Can Hypermobility Be Cured?

Can Hypermobility Be Cured?

sitting with legs criss crossed and bending down with elbows touching the floor

Hypermobility

Hypermobility or being double-jointed, is a condition where joints can move beyond the normal range of motion. Most people look at it as flexibility but it is joint instability that leads to joint pain, instability, and other complications. Those diagnosed with hypermobility often wonder: can it be cured? In this blog, we will explore treatment options, and address the possibility of a cure.

Current treatment approaches focus on symptom management, ongoing research aims to deepen our understanding of hypermobility and explore potential therapeutic interventions. Researchers are investigating the role of genetics, collagen abnormalities, and biomechanical factors in the development and progression of hypermobility-related conditions.

What Is Hypermobility?

Hypermobility is commonly associated with Ehlers-Danlos syndrome (EDS) and hypermobility spectrum disorders (HSD). It affects the connective tissues that support the joints, leading to beyond reasonable flexibility which means instability and therefore, susceptibility to injury.

What Is The Treatment For Hypermobility?

While there isn’t a definitive cure for hypermobility, several treatment approaches aim to manage symptoms and improve quality of life. Here are some common strategies:

  • Joint Stability Exercises

Joint rehabilitation plays a crucial role in managing hypermobility and the ‘standard’ treatment for physical therapy and joint rehab. does not work with hypermobility. Bear in mind that the rehab exercises are not performed by physical therapists but also chiropractors that do physical rehab in addition to chiropractic and occupational therapists but the key is all of these clinicians should have experience treating joint hypermobility within the Bendy population.

As a rehab clinician with the majority of my patients having joint hypermobility, I can tell you that the Bendy population does not necessarily have the same strength in understanding and implementing movement as the Normies. On the flip side, they are very strong in certain understandings that the Normies don’t. This means that unless the clinician understands the hypermobile population, some of the techniques may hurt you.

baby doing a plank exerciseWhen it comes to the exercises, I only use developmental exercises such as Dynamic Neuromuscular Stabilization or DNS which are what we all did as babies and the methodology that got us from the helpless infant stage to running toddlers.

  • Bracing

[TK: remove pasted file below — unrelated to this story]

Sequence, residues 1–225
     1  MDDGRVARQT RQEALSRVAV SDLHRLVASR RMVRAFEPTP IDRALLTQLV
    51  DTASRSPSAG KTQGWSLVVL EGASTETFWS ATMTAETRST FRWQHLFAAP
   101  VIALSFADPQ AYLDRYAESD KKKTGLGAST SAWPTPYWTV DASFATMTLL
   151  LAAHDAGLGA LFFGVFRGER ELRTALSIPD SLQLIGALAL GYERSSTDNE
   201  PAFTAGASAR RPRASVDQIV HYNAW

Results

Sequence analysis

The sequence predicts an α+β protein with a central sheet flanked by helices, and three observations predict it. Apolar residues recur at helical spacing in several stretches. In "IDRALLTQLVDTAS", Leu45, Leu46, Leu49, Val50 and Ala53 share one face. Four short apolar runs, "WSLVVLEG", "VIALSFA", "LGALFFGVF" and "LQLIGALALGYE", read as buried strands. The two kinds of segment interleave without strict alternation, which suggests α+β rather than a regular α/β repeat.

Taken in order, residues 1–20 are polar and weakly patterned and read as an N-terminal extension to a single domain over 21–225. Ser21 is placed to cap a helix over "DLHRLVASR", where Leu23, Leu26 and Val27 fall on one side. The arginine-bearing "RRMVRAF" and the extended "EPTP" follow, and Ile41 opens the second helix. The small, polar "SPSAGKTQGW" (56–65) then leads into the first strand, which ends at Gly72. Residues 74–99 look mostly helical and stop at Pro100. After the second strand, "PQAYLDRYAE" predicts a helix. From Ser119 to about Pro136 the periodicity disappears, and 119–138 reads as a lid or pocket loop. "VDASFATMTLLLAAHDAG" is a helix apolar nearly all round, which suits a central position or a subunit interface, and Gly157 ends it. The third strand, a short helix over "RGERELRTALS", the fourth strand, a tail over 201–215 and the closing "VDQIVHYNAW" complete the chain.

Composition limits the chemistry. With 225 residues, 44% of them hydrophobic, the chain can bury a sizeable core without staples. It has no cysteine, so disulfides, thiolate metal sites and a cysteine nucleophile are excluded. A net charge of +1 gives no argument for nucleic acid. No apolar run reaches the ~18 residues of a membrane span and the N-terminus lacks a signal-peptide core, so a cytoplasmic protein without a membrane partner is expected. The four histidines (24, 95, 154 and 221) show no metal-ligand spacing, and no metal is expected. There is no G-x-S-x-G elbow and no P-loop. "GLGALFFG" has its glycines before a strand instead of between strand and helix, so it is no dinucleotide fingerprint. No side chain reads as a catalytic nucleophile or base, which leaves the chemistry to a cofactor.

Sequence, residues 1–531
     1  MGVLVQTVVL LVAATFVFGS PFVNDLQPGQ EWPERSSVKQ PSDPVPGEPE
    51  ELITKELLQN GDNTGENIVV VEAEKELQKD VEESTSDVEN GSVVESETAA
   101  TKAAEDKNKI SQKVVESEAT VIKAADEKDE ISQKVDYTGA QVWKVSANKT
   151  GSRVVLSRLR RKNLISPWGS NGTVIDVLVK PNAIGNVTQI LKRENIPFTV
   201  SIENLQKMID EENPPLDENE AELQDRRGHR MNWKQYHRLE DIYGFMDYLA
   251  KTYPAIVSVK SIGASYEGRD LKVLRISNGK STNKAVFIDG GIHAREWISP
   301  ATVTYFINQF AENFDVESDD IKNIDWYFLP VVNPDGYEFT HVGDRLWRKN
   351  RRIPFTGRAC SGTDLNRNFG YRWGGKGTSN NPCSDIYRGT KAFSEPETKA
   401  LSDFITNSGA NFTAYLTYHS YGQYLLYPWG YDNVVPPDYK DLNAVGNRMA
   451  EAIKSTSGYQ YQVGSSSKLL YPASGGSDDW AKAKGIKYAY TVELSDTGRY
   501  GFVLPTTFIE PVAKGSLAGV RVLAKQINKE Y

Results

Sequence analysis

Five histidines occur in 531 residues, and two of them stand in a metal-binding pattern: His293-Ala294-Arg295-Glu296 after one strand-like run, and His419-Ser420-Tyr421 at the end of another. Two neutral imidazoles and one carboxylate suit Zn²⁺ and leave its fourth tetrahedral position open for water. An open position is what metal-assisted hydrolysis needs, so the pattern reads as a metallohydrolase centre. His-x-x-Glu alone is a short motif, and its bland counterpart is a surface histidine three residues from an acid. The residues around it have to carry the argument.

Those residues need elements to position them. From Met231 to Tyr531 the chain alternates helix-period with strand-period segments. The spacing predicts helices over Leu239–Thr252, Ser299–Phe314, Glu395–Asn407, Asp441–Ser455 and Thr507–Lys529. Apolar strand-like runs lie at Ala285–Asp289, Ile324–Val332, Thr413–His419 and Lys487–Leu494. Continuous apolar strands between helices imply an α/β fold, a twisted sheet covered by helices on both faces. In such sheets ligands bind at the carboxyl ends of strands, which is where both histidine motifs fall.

I am not a big fan of bracing because we all have our needed braces within us!! When it comes to hypermobility, however, I do recommend orthotic braces or splints to stabilize hypermobile joints, particularly during physical activities or periods of increased stress on the joints.

I evaluate the need for bracing on a case-by-case basis and have noticed that the need changes rapidly within the Bendy patient population. I have the Bendy approved products that I quite often refer to.

  • Medications

While I am not a big fan of medications, there are times that pain is too much, and typically my patients use over-the-counter pain relievers such as nonsteroidal anti-inflammatory drugs (NSAIDs) for their joint pain and inflammation associated with hypermobility. In some cases, prescription medications may be prescribed for pain management.

  • Lifestyle Modifications

As mentioned on my blog, ‘What is the best hypermobility treatment’,  ‘maintaining a healthy weight, practicing relaxation techniques to manage stress and anxiety, and getting an adequate amount of sleep, proper intake of electrolytes can all help manage symptoms of hypermobility and flare-ups and improve overall well-being. Learning how to get out of bed, how to sit and stand, how to open doors and load dishwashers, and how to sleep are some of the examples of what I go over with my patients to avoid or manage hypermobility flare-ups.

  • Joint Protection Techniques

I encourage my patients with hypermobility to practice joint protection techniques by recognizing the wrong tendencies and replacing them with the right moves and positions as we learn with each treatment.

Mindful movements and awareness are the first step and as a hypermobile individual, it is important to learn about you. Prevention is the best treatment for joint hypermobility injuries and pain.

Can Hypermobility Be Cured?

The question of whether hypermobility can be cured lacks a straightforward answer. Hypermobility is a complex condition influenced by genetics, and fueled by environmental, and physiological factors. While treatment can help manage symptoms and improve quality of life, curing hypermobility is not on the plate right now but the research is happening.

It is so important to understand that individuals with hypermobility can lead fulfilling lives with proper management strategies in place. Everyone, Bendy or Normy is better off understanding the principles of movement understood from studying babies, to protect themselves from injuries and pain. The bendy population has more motivation to learn these but the need to understand does not change!

If you are hypermobile and want to start learning about the right ways to move to avoid injuries, and lessen pain contact me.

Dr. Shakib

Recommended Reading:

Who Diagnoses Hypermobility?

What Is The Best Hypermobility Treatment?